http://panmore.com/google-organizati...tional-culture
    Last edited by wolle; December 3rd, 2017 at 02:18 AM.

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    Re: Going from Dev to manager....

    Thanks guys! I'd be interested in hearing if any others have comments or thoughts to add.

    Do you believe companies do a good job of helping developers make the transition to management? What could be done better?
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    LotsOfSoftware, LLC
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  7. #7
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    Re: Going from Dev to manager....

    Do you believe companies do a good job of helping developers make the transition to management?
    Not in my experience.

    What could be done better?
    This somewhat depends upon the size/structure of the company and the layers of management. If possible have another experienced manager (NOT your line manager/director) as a mentor.
    All advice is offered in good faith only. All my code is tested (unless stated explicitly otherwise) with the latest version of Microsoft Visual Studio (using the supported features of the latest standard) and is offered as examples only - not as production quality. I cannot offer advice regarding any other c/c++ compiler/IDE or incompatibilities with VS. You are ultimately responsible for the effects of your programs and the integrity of the machines they run on. Anything I post, code snippets, advice, etc is licensed as Public Domain https://creativecommons.org/publicdomain/zero/1.0/ and can be used without reference or acknowledgement. Also note that I only provide advice and guidance via the forums - and not via private messages!

    C++17 Compiler: Microsoft VS2017 (15.9.4)

  8. #8
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    Re: Going from Dev to manager....

    Quote Originally Posted by wolle View Post
    I can see a trend where middle management is shrinking and replaced by exceptional individuals who lead informally by competence. At least in younger companies.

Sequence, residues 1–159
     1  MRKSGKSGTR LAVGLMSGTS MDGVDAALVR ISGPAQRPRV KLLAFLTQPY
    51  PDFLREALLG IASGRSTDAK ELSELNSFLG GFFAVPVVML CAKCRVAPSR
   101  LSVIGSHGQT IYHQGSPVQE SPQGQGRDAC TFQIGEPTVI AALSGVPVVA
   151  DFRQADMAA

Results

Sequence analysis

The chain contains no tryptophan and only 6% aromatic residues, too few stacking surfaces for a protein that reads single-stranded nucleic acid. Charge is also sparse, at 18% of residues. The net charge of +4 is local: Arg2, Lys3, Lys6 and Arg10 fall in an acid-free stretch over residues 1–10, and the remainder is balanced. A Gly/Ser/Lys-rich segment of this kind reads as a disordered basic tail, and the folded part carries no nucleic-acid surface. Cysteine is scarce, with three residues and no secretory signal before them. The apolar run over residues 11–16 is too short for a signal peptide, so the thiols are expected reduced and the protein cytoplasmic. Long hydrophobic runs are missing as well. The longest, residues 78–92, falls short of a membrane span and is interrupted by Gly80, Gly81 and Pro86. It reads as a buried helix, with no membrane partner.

That sounds great and it should happen everywhere. Promotion to management shouldn't be the only venue for career or salary progression.

    Quote Originally Posted by Brad Jones View Post
    If you respond to any of my questions above, also indicate if you are a developer, manager, or if you are in a different position. This will help in understanding your response.
    Between developer and manager, I have to classify myself as developer although I do much more than just development or "coding". I myself have had a management position only once, and I hated it. I couldn't stand the uselessness of only doing "high-level" tasks.

    Warning: Incendiary comment ahead ...
    Becoming a developer with the vision of being promoted to management is a sign of vocational confusion and is a source of frustration to that person and those who work with him. Change 'developer' (or 'programmer') to 'physician' and you'll see my point: What would you think of a physician who says "I became physician because at the end of the day I want to be promoted to management"? Likewise, in the field of music, who's the star: Hendrix|Slash|Dave Mustaine or their manager? Same with sports, chess, etc.

    The common notion of 'developer' has been mostly degraded or trivialized as it if were mere "coding", that is, little more than bare typing of reserved words following some syntax. The "philosophy" of having one person do the business analysis; another one translating requirements to technical terms; another one the coding; and a manager to act as liaison with others, negotiate scope, deadlines, etc. is wasteful and very constraining. The capable programmer can do all of that without need for the middleman, aka manager.

    I don't doubt that there exist some worthy managers, but generally speaking my concern is the overhead and waste that stem from the typical manager who actually hates and was bad at development. Many times I find it frustrating when the manager wants to be kept in the loop even though he's the one with the least understanding (and least interest) of what's going on.

    Conclusion: Don't aspire to become a manager. If that's the long-term motivation for getting into development, that's an indication that you would be happier in a different profession.
    Last edited by iviggers; February 1st, 2018 at 04:20 PM.